- FanGraphs Baseball - http://www.fangraphs.com/blogs -

The Edwin Jackson Trade: Arizona’s Perspective

The Arizona Diamondbacks were panned last week for shipping Dan Haren and his team-friendly contract to the Los Angeles Angels of Anaheim for an underwhelming return. While that trade could come back to bite the organization, the D-Backs managed to get good value today in sending Edwin Jackson to the Chicago White Sox for Daniel Hudson and David Holmberg.

Jackson, 26, was picked up by Arizona this past off-season (along with RHP Ian Kennedy) as part of a three-team trade that cost the club Max Scherzer and Daniel Schlereth. The former Dodger, Ray and Tiger signed a two-year deal in February that bought out his two remaining years of arbitration eligibility — Jackson’s earning $4.6 million this season and he’ll pull in $8.35 million in 2011. With Arizona buried in the standings, the team has decided to blow up the current roster instead of trying to fix weak spots around a strong nucleus of young talent. Jackson’s year-and-change of service time is being converted into cost-controlled talent in the form of Hudson and Holmberg.

A fifth-round pick out of Old Dominion in the 2005 draft, Hudson shot from Low-A ball to the majors in 2009 and rated 66th on Baseball America’s top 100 prospects lists prior to this season. The 6-4, 220 pound right-hander comes equipped with 92-93 MPH heat, a mid-80’s slider and a low-80’s changeup, as well as an occasional mid-70’s curve. Though the 23-year-old hasn’t found success in a small sample of big league pitching over the past two years (a 5.41 xFIP in 34.1 innings), he has 10.1 K/9, 3.1 BB/9 and a mid-three’s FIP in 117.1 IP at the Triple-A level.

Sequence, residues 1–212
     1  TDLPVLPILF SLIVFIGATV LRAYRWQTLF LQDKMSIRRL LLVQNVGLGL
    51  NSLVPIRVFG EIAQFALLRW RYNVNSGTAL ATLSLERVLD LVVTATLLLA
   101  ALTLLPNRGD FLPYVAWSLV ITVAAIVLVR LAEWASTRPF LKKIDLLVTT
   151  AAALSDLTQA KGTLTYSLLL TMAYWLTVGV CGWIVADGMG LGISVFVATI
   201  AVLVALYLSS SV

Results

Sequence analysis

Hudson doesn’t project as a top-of-the-rotation stud, and there are concerns over his fly ball tendencies (39.2 GB% in Triple-A). Still, the Diamondbacks get six seasons of team control over a MLB-ready starter who might not perform all that differently than Jackson right now. These projections came prior to the trade, but consider Hudson and Jackson’s rest-of-season forecasts from ZiPS:

Hudson: 7.02 K/9, 3.73 BB/9, 0.88 HR/9, 4.06 FIP
Jackson: 6.78 K/9, 3.62 BB/9, 0.94 HR/9, 4.16 FIP

Hudson might give up more homers than that — according to Minor League Splits, his work at Triple-A translates to more than a HR per nine and a 4.36 FIP in the show. Is that worth years of service time and millions of dollars to the Pale Hose, though? Perhaps the White Sox will use Jackson as part of another deal to acquire a bat. In this trade, they got the guy with greater name value and a bigger salary without necessarily getting much better.

In addition to Hudson, Arizona added a 19 year-old lefty in Holmberg. The 6-4, 220 pounder was Chicago’s second-round pick in the 2009 draft. Holmberg doesn’t get rave reviews for his physical build (BA compared him to a young David Wells in that regard) or his fastball, which sits in the upper-eighties. He does, however, possess a sharp curveball and changeup. Holmberg’s professional experience is scarce, as he has tossed 80.1 innings in rookie ball over the past two years with 7.4 K/9, 3 BB/9, a 4.38 FIP and a ground ball rate slightly above 50 percent. He’s not a great prospect, but Arizona could have something if his velocity creeps up a bit.

The Diamondbacks have to be pleased with their haul for Jackson — they got younger and cheaper, perhaps without surrendering anything in terms of on-field performance in the present.